The real problem, however, is that the interactive elements are buggy. You'll be next to a railing, hit L1 and dive forward instead of hopping onto the rail. Or you will face a wall, expect to plant your feet and push off as you've done in the past, only to find Tequila standing motionless staring at the wall like an idiot. Now, 90% of the time, the interaction works perfectly. But that's still 10% of the time when you will meet frustration. And this is really the greatest flaw in Stranglehold, because the lack of a fluid interaction system hurts one of the title's strongest selling points.
Should you get frustrated at any of the failed interactions, you can always take it out on the environment. Just about everything in Stranglehold is destructible. Tables splinter, support columns shatter, and every spot of cover quickly erodes. Every bullet needs to go somewhere. In the chaos of the many arena battles, the game world is often left in a heaping mess. This affects gameplay, because in later stages you'll be forced to take cover. But almost every piece of cover will be destroyed given time, forcing you to move forward and never allowing the action to slow for too long.
The high level of destruction takes a toll on the visuals. While the environments look great, the characters come off as generic, with a very limited set of animations. Stranglehold has a lot of cinematic flair, but lacks the visual pop I'd expected. Considering that apples scatter when shot off a table and a dozen enemies are on screen at almost every moment, the weakened visual fidelity is forgivable. Even with today's technology, there are still limits to what can be done on screen.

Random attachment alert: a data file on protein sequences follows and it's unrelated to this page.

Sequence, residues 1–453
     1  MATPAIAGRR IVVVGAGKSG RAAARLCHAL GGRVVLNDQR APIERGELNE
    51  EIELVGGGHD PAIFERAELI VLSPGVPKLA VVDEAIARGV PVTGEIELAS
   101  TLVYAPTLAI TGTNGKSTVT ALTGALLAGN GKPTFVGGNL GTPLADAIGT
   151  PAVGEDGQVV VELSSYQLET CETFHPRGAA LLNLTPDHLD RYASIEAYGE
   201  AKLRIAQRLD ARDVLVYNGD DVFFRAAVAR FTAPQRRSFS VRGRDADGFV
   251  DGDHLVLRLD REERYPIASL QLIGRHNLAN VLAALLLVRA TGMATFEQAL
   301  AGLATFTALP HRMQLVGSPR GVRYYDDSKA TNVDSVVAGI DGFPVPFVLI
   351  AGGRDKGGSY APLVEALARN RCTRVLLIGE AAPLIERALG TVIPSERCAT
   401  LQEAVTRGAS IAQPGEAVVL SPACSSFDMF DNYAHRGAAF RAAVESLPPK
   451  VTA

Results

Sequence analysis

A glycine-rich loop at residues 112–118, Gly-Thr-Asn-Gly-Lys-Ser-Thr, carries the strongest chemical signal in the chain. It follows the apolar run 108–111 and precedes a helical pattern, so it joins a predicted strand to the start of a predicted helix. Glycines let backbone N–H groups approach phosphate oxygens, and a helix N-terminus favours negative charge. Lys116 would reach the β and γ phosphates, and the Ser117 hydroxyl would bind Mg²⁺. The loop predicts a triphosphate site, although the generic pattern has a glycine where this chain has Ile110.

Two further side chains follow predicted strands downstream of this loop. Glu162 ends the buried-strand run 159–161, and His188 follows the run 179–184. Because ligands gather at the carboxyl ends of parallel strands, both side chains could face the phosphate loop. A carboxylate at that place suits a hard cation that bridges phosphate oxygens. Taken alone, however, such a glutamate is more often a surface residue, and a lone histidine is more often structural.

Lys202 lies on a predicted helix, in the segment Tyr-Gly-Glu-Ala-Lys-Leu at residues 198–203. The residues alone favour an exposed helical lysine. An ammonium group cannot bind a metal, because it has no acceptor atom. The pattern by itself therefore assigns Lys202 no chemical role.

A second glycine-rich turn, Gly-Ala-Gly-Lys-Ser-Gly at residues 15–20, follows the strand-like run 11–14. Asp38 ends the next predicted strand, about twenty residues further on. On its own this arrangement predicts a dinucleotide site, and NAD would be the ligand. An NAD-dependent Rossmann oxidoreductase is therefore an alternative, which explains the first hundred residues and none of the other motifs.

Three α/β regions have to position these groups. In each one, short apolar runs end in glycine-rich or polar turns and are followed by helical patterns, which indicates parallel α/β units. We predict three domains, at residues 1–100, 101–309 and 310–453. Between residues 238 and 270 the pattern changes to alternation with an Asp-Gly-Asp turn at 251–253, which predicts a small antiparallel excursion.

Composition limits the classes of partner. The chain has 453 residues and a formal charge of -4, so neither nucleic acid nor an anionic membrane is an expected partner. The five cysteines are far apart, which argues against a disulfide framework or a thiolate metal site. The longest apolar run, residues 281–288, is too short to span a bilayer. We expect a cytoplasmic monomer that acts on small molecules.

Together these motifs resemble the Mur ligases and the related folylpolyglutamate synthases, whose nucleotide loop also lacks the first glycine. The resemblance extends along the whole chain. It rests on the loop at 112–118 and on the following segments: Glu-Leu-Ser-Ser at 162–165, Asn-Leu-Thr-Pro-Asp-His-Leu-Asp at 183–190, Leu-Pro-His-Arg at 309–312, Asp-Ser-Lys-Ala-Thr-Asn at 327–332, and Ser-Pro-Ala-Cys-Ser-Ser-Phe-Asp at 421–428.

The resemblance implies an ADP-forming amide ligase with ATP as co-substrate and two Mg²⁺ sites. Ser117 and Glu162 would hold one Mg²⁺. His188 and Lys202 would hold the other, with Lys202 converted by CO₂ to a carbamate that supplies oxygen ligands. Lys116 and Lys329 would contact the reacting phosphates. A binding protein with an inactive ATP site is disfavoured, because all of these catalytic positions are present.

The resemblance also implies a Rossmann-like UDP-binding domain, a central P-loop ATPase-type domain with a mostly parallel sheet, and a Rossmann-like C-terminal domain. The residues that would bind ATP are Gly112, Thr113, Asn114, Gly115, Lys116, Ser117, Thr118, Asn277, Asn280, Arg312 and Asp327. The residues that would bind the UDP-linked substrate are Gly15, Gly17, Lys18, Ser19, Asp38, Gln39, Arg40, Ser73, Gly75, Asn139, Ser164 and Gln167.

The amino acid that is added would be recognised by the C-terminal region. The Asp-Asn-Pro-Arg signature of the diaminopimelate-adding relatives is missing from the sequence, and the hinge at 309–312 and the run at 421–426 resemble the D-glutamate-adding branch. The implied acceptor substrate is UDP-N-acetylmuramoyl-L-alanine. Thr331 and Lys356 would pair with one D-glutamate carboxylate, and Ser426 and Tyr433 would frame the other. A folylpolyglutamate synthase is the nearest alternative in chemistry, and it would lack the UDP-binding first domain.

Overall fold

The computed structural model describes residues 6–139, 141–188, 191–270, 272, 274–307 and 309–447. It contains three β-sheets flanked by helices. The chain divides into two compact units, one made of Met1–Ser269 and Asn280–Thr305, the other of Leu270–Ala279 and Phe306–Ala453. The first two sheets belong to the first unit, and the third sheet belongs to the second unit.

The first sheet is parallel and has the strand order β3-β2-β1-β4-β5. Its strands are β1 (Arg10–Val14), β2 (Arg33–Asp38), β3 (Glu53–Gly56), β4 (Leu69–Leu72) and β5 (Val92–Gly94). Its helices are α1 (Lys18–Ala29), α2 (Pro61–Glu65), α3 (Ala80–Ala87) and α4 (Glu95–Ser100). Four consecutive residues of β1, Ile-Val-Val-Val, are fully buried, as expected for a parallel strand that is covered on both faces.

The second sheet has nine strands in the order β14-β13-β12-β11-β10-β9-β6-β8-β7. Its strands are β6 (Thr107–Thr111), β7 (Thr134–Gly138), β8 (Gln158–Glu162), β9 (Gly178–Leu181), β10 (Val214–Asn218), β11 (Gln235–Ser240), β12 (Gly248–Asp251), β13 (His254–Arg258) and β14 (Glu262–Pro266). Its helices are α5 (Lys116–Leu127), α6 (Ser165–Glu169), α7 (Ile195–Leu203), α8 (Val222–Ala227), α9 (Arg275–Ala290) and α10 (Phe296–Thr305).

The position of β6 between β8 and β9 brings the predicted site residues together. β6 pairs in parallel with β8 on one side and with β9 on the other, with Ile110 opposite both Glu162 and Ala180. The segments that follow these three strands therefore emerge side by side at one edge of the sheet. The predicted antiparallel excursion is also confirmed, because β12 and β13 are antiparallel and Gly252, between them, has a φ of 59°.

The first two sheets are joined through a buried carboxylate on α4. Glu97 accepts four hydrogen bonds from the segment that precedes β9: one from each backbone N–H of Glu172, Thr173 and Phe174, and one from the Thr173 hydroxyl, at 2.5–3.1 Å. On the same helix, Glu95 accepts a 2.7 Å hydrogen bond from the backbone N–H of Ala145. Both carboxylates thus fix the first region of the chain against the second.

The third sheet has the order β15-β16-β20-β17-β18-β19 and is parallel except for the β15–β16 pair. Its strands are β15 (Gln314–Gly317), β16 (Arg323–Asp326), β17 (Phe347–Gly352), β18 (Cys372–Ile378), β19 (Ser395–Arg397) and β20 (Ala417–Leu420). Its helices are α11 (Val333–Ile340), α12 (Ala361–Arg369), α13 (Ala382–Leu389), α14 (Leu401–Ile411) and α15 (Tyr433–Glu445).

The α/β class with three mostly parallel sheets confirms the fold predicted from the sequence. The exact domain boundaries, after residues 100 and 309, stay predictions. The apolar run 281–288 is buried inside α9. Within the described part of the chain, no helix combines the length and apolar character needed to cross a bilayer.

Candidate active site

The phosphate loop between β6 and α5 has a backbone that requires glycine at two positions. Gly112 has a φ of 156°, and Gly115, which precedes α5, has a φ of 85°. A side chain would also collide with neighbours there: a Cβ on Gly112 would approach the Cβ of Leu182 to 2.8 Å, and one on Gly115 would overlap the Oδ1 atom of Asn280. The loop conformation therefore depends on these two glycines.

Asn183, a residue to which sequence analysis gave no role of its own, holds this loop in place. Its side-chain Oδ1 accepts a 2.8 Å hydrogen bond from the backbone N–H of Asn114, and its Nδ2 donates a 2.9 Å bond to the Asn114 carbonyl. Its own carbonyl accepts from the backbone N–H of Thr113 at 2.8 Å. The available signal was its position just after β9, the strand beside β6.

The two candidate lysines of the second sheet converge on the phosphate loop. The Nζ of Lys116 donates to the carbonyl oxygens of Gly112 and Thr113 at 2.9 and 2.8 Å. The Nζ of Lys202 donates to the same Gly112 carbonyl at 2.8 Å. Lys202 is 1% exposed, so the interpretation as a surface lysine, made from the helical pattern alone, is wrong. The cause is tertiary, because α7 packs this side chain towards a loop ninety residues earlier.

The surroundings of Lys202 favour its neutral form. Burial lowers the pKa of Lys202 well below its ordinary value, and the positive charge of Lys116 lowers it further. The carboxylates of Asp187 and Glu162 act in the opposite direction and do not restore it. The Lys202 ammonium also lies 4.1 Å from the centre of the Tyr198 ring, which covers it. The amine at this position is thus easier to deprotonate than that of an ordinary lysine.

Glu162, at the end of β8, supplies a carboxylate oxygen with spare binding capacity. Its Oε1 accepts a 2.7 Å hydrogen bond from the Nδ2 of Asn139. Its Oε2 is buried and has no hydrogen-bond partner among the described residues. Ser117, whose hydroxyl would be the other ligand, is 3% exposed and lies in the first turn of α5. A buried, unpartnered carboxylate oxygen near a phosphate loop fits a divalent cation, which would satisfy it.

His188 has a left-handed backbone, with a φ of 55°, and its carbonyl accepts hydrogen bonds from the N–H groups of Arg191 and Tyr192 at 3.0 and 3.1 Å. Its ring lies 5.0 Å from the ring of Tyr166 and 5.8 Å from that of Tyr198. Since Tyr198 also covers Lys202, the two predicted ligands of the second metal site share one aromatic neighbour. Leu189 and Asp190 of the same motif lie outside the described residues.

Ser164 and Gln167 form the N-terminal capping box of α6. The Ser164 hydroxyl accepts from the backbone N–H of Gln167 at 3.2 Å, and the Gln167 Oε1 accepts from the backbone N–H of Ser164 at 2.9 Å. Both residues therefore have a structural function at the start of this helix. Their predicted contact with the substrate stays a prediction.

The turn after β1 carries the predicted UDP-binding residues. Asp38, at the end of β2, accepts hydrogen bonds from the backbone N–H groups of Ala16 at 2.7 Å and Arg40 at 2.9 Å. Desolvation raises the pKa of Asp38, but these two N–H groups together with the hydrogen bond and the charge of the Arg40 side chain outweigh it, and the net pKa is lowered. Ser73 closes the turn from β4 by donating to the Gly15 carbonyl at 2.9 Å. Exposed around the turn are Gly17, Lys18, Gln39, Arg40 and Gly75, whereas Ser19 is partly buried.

None of this excuses Stranglehold's most pressing issue: the camera. It becomes a considerable problem when leaping off walls or otherwise shifting your body in another direction. You have to manually adjust the camera to follow your movements, which is a real challenge in such a fast-paced game. However, if you turn on the "camera spring" option, this issue largely goes away. Why this wasn't made the default is curious, because Stranglehold is a much better game without the nagging camera concerns.
Another staple of Woo films are standoffs, where Tequila finds himself staring down the barrel of several guns. These moments are recreated in about a half-dozen standoff mini-games during play. For standoffs, the controls change slightly. Tequila stands still, but you can lean left and right to dodge the incoming bullets from enemies. At the same time as you are dodging, you must also aim your shot and take down the other members of the standoff. You only have a couple of seconds to take an enemy out before Tequila spins and faces the next villain and the sequence repeats. This becomes quite challenging towards the latter part of Stranglehold. Though people will come for the fast-paced action, the standoffs were my favorite part of Stranglehold. They're tense and exciting.
The single-player game only lasts 6-8 hours. On the bright side, that's four times the length of Hard Boiled. But, then again, this is $60 we're talking about. Stranglehold features online multiplayer for up to six players. It's only deathmatch and team deathmatch, which take place in a variety of locales from the game. Each match is complete and utter chaos. Every player has access to the various Tequila Bombs and can (sometimes) enter slow motion. None of this really comes together though, as players need to be in slow motion at the same time, so that there's no real advantage to using Stranglehold's primary gameplay element. And the Precision Aiming power still has the same slow-mo reticule movements, but the other players are moving in real time, so it's pretty much impossible to use.
While the multiplayer doesn't come together as well as it should, it's still an interesting experiment. Anyone who picks up Stranglehold should give the multiplayer a shot at least once, just to experience the insanity. But this isn't something that will have people playing Stranglehold for the next year.